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The University of Cincinnati Undergraduate Student Government (SG) is working to make the university easier to navigate for students with accessibility needs by improving signage on campus.

In coordination with UC’s Americans with Disabilities Act (ADA) Task Force, the initiative will assist those students with mobility aids by placing signage on campus that displays the most accessible route to their destination.

Citing a lack of visible signage on campus, the initiative is seeking to implement a pilot program with a focus on eight specific areas on campus, said at-large senator Sivani Alla, who is sponsoring the initiative for SG.  These eight areas include Library Square, the Richard E. Lindner Athletic Center, the Geology-Physics Building, the McMicken Hall staircase, the CCM staircase, Clifton Court Pavilion, Memorial Hall and the Mary Emery Hall passageway.

“We wanted to implement signage across campus in major high traffic areas that had stairs, but no visible pathways that were accessible,” Alla said.

The pilot program will eventually be narrowed down to only a couple of the areas mentioned, she added.

Having to use a wheelchair to navigate campus has not been easy, said Babaljit Kaur, a fifth-year student who also serves as director of accessibility resources for SG.

“During my time here at UC, I’ve seen that it is kind of hard to navigate campus and there really isn’t any signage,” she said. “It’s kind of like very trial and error.”

Alla and Kaur have been working with the university’s ADA Task Force since last semester in effort to implement the initiative. While the initiative was originally pitched with mobility impaired students in mind, additional signage is of benefit to everyone on campus, said Kaur.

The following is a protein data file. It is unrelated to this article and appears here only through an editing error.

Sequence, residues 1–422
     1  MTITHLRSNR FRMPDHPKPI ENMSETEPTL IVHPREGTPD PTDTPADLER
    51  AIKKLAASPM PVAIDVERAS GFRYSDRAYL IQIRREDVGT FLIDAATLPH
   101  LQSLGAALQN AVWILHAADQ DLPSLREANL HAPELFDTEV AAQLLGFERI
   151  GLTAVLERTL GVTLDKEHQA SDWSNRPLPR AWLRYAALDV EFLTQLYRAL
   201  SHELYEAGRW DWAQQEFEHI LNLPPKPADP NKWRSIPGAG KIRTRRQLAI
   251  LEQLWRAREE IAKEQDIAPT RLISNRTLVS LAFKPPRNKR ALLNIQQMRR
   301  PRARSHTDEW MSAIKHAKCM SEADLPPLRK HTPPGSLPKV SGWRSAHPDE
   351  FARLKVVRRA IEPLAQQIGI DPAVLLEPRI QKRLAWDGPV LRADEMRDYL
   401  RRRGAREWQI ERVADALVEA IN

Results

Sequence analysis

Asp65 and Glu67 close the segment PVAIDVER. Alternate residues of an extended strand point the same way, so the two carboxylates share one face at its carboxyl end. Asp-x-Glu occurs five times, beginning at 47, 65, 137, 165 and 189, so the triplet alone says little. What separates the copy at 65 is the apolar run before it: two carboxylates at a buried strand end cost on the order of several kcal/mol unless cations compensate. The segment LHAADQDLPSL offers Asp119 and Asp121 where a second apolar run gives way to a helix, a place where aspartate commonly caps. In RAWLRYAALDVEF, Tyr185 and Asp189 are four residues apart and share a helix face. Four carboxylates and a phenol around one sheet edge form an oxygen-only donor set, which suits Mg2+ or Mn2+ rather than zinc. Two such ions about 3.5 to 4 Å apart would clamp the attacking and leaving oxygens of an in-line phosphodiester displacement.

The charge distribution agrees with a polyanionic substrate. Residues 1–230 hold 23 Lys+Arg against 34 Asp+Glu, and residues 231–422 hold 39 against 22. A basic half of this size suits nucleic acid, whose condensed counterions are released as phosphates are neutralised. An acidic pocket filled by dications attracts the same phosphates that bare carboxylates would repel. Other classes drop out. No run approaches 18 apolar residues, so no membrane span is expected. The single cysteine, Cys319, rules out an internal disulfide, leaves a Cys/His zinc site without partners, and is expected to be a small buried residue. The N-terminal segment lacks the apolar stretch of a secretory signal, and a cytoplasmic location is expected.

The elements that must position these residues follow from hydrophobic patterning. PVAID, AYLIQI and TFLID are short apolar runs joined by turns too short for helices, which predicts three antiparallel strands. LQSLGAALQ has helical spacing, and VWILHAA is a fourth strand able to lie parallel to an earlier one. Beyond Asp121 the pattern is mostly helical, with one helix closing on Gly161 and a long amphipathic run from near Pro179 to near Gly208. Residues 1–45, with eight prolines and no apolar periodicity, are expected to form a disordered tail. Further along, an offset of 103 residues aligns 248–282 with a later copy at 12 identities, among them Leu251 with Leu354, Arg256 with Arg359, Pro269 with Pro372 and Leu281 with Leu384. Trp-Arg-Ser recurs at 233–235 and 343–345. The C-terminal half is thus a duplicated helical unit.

“I felt like this was something that would help students and not only students, but also visitors and overall just make it easier for everyone,” she said.

The new signage will also have QR codes that link pedestrians to the website of UC’s office of accessibility resources, where they will be able to see a full map of the university, as well as where to locate additional resources on campus, Kaur said.

“One of my office’s roles is to respond and identify solutions when a student faces a barrier to access, whether on campus, online, or in the classroom,” said Heidi Pettyjohn, executive director for accessibility at UC.

“I think one of the biggest challenges that we all face at UC is how big it is and the fact that it is a pedestrian campus; if you’re a visitor or even someone who has been here a long time, you can find yourself in an area that you’re just not familiar with,” she said. “And that is what I think these students are trying to address with this initiative.”

While Alla and Kaur are still in talks with the university to launch the initiative, they hope to unveil the pilot program the week of March 9 — coinciding with their upcoming Awareness for Abilities week event.